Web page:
Stefan Thomas, the programmer who could lose $260 million worth of bitcoin because he can’t remember his password, said there’s “no chance” he’ll ever recoup his lost fortune, calling it a “painful memory.”
“It’s not like I barely don’t remember it,” Thomas told NBC’s “Today” show. “It’s there’s no chance of remembering something that complicated from 10 years ago.”
Thomas lost the password for his IronKey hard drive, which contains the keys to a digital wallet with 7,002 bitcoin. The hard drive gives users 10 guesses to remember their password before the content is lost forever. Thomas has used eight of those 10 attempts and come up empty every time.
The price of one bitcoin was $39,601 as of Thursday morning.
“I tried to pick a very secure one because I was very concerned about losing those coins,” Thomas added in the interview. “I’d just like lay in bed and come up with a new way to recover it and it wouldn’t work and I would try another way and it wouldn’t work either.”
Thomas, who is the co-creator of Interledger, which describes itself as “an open protocol for payments across payment networks,” has become something of an Internet celebrity with many trying to help him recover his lost fortune. However, he’s noted it’s a painful memory and hopes that others can learn from his mistake.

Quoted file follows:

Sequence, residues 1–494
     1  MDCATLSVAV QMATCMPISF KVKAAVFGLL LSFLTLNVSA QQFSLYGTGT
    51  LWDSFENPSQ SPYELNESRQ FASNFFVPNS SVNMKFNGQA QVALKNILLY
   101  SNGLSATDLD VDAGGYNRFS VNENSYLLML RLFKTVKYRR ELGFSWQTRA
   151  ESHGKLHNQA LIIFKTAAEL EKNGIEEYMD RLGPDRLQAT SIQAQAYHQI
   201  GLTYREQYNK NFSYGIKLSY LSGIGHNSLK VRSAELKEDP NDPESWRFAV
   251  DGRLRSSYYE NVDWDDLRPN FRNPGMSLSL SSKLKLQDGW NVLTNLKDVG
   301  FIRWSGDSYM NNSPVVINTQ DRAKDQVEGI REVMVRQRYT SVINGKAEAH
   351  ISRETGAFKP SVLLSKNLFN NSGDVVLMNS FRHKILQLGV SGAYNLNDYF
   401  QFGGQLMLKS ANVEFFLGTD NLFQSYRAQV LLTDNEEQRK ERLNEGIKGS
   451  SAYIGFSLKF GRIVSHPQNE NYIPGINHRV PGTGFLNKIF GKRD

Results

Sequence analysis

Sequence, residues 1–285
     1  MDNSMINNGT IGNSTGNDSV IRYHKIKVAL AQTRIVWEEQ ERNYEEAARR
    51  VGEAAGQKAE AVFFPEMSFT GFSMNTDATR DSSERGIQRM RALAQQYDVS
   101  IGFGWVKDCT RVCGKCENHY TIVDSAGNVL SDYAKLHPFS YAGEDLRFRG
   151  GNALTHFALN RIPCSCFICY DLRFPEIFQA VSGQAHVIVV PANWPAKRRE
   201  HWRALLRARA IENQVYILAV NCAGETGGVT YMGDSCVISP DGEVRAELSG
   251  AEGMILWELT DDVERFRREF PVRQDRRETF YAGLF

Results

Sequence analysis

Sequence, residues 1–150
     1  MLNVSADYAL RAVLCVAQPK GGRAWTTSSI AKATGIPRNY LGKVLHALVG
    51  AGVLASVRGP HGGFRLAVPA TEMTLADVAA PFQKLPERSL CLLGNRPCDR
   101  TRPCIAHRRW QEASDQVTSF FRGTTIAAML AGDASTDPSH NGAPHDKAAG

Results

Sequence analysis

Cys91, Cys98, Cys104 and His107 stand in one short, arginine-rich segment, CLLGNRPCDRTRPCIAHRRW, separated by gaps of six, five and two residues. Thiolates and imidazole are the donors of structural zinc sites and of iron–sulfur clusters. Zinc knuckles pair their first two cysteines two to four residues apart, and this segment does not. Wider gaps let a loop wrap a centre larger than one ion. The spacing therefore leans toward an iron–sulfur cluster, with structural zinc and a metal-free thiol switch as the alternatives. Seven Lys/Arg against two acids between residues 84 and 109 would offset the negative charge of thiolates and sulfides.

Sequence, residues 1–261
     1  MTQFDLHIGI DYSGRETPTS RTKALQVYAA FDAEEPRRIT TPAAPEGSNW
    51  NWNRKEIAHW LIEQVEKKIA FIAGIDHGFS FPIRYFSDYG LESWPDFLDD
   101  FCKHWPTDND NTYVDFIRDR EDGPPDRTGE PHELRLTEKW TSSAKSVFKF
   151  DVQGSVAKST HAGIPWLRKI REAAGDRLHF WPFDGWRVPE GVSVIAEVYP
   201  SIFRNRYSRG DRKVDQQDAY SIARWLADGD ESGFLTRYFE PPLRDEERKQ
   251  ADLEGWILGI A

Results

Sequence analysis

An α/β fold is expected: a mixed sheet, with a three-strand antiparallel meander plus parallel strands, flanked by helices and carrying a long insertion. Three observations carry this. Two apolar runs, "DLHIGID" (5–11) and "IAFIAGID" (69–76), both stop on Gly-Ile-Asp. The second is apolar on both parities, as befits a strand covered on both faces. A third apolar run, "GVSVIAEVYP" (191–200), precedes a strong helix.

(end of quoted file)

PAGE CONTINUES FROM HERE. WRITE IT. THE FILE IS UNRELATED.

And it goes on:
“A painful memory. I hope others can learn from my mistakes,” Thomas tweeted on Tuesday. “Test your backups regularly to make sure they are still working. An ounce of foresight could have prevented a decade of regret.”
Despite the lost fortune, Thomas appears to be having some fun with his newfound celebrity.
When asked if there was any “hope” of remembering the password, Thomas said clinging on to that is hard.
“In some ways, that hope makes it that more difficult,” Thomas said of the lost fortune. “It’d be easier if you can just let it be in the past and forget about it.”
Launched in 2009, bitcoin is the world’s largest cryptocurrency. Unlike typical currency, bitcoin “is created, distributed, traded and stored with the use of a decentralized ledger system known as a blockchain.” However, its anonymous nature makes it also an impediment for those who have lost or forgotten their password or key.
About 20% of the existing 18.5 million bitcoin are inaccessible because they’re either in “lost or stranded wallets,” according to the New York Times, which cites cryptocurrency data firm Chainalysis. As a result, roughly $140 billion in bitcoin has been lost or stranded.
Fox News’ Brooke Crothers contributed to this story.